Onchain: Miner capitulation, stablecoin tango, CeFi contagion continues

Onchain: Miner capitulation, stablecoin tango, CeFi contagion continues

Story One

Bitcoin miners are the latest forced dumpers of the crypto crash

First they came for the shitcoins and NFTs. Then the CeFi lenders. Now it’s the Bitcoin miners who are feeling the heat from crypto’s version of armageddon.

Miner capitulation is a well known phenomenon in the Bitcoin economy. The equation is simple enough: if the Bitcoin price falls below the cost of producing more Bitcoin, then, well, you got yourself a loss-making business there, pal.

Miners build up their Bitcoin reserves when the going is good so that they’re covered when things faceplant into the toilet. However, now that there are Bitcoin miners operating on publicly listed stock exchanges we can see this process playing out in exquisite detail.

CoreScientific, one of the biggest miners in America, reported that it sold 75% of their Bitcoin holdings in May, or a shade over 6000 BTC. Canadian outfit Coinfarms sold off US$62 million worth in the same period, while Argo flogged another US$16 million.

The good news? Miner capitulation is typically one of the most definitive bottom signals we have. The bad news? Miners have started selling again.

Miner capitulation ends in one of two ways. Either the price comes back up to breakeven (currently thought to be around US$30k). Or the least efficient/most indebted miners run out of BTC to sell and have to shut up shop, reducing the overall hashrate and making Bitcoin cheaper to mine.

With buyers in short supply and a comprehensively grim macroeconomic environment, it’s hard not to believe we might be bracing for option two.

Story Two

They should call them unstablecoins ha ha ha ah we’re in trouble

Thanks to Do Kwon and his sterling work with LUNA-UST, stablecoins have become the leering face of the crypto crash. The disappearance of US$18 billion in value has a way of clarifying the mind and it’s leading to some seismic shifts in the stablecoin space.

The most notable trend is the waning of Tether’s supremacy. Two years ago, USDT represented almost 90% of the stablecoin market. Now that’s down to 45% as USDC and BUSD (Binance’s inhouse stablecoin) roar into contention.

Even more telling: since the Terra meltdown, Tether has seen around US$17 billion taken out of its market cap through cash redemptions. In the same time, USDC has added US$8 billion to its supply.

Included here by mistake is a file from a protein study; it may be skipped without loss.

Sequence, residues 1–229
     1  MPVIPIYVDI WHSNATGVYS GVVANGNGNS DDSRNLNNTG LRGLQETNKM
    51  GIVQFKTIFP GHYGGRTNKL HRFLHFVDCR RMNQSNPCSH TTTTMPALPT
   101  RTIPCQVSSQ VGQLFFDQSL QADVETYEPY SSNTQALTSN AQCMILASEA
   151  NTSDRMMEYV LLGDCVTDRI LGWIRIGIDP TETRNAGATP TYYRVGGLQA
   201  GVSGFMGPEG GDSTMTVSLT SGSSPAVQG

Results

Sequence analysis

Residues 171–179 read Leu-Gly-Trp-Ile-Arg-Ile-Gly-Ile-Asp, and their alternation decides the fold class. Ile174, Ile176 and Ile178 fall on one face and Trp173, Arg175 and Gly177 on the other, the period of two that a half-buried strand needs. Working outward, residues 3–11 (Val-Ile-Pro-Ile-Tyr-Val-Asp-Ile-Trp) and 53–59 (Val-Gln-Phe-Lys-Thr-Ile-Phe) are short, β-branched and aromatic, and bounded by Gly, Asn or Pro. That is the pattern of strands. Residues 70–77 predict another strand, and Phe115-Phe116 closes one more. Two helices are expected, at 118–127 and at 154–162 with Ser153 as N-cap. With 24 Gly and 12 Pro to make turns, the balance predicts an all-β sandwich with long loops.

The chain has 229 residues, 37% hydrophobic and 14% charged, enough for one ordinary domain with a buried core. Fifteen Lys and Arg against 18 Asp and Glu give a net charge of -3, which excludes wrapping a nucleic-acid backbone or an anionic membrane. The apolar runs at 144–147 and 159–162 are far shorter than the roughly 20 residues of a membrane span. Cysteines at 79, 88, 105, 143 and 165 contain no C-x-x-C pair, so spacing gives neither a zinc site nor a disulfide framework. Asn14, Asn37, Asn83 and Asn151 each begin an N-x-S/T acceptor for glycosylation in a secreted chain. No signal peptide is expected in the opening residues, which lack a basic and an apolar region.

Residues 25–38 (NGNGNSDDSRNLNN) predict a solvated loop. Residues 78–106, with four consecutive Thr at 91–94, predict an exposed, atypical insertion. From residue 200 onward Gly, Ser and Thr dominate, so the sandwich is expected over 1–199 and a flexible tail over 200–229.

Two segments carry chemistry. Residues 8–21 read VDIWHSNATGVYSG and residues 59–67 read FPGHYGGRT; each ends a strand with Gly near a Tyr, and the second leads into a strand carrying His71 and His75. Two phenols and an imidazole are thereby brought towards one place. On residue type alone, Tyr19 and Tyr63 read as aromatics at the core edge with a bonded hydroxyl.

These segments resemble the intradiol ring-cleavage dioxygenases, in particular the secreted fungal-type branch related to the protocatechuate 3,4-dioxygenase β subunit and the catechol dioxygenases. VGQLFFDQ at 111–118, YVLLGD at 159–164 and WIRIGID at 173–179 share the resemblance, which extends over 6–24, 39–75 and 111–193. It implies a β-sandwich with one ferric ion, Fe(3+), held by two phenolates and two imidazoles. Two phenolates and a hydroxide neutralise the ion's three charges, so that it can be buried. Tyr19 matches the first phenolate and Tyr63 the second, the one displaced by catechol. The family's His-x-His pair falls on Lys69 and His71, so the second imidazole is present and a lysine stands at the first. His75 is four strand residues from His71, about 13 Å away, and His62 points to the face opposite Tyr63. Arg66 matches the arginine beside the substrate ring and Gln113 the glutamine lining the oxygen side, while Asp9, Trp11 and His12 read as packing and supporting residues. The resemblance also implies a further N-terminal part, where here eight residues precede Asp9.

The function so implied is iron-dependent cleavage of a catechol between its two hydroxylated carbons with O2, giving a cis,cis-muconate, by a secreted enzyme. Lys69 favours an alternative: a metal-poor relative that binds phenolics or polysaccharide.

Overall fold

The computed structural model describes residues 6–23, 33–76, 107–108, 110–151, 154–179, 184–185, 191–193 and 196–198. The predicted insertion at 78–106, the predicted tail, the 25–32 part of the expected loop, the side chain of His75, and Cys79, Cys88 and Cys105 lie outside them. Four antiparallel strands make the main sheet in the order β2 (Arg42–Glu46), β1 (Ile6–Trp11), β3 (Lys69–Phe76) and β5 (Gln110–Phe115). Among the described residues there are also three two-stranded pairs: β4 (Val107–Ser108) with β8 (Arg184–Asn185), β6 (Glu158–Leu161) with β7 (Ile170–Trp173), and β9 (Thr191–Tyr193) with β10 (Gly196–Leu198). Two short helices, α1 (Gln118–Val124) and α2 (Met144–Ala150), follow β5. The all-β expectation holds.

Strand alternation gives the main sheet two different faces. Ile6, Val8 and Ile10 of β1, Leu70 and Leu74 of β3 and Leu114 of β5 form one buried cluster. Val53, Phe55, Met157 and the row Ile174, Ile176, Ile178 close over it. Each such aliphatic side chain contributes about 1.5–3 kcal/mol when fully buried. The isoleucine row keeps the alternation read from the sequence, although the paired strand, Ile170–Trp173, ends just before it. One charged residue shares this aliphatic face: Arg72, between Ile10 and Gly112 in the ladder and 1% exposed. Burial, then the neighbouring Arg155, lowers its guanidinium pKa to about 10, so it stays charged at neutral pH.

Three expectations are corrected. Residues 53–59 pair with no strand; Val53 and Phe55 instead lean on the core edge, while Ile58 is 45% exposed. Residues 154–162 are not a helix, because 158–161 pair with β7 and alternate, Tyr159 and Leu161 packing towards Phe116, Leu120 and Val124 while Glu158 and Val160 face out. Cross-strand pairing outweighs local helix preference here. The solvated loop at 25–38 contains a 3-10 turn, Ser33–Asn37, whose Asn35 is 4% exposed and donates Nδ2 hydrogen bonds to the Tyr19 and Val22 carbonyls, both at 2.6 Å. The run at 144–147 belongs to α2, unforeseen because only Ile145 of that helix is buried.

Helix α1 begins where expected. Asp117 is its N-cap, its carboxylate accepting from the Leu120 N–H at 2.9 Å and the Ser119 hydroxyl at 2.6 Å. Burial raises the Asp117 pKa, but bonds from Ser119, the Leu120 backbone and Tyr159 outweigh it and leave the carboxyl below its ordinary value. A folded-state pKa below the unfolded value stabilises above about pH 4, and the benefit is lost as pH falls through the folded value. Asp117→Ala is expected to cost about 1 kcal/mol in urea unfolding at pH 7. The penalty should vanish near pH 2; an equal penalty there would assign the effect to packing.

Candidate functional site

Given Tether’s long history of opacity and legal troubles, this is perhaps unsurprising. But even for USDC there’s been controversy, with journalist Matt Taibbi writing an extended broadside on their own supposed lack of transparency. I mean, it seems like it should be easy enough to take money, put that money in a big pile and then point to that money when required but I’m no big time money guy.

Unsurprisingly, all of this is giving regulators plenty of fuel for their fires, with the G20’s Financial Stability Board announcing their intention to release new rules for stablecoins in October and the Biden administration looking to create new stablecoin laws by the end of the year.

Overheard on Twitter

“Those who do not manage their risk will have the market manage it for them.”

3 Arrows Capital CEO Zhu Su, six months before overseeing the potentially criminal US$3 billion collapse of their crypto fund due to, you guessed it, poor risk management.

Story Three

New dispatches from the crypto lending cataclysm

While the immediate pace of forced liquidations and bankruptcies due to the crypto lending daisy chain does appear to have slowed, it’s still been a bumper fortnight for the horsemen of the cryptopocalypse.

The Financial Times is out today with a deep dive into the Celsius shemozzle, suggesting that their “reckless pursuit of high returns” has left them with a US$2 billion hole in their balance sheet. Meanwhile, they’d been inflating their customer count by a factor of six or more, which could come as news to the VCs that helped value the company at over US$7 billion last November.

It’s little surprise then that they’ve been the latest company to file for bankruptcy, joining Voyager and 3 Arrows Capital on the casualty list.

Speaking of 3AC, head honchos Su Zhu and Kyle Davies are reportedly ‘on the run’, complicating efforts by liquidators to reclaim whatever remains of the US$3 billion that they had in their care. Zhu broke his silence to accuse the liquidators of ‘baiting’, which bodes well for a lengthy and painful resolution that could hang over the crypto space for years. Yay.

Luke from CoinJar

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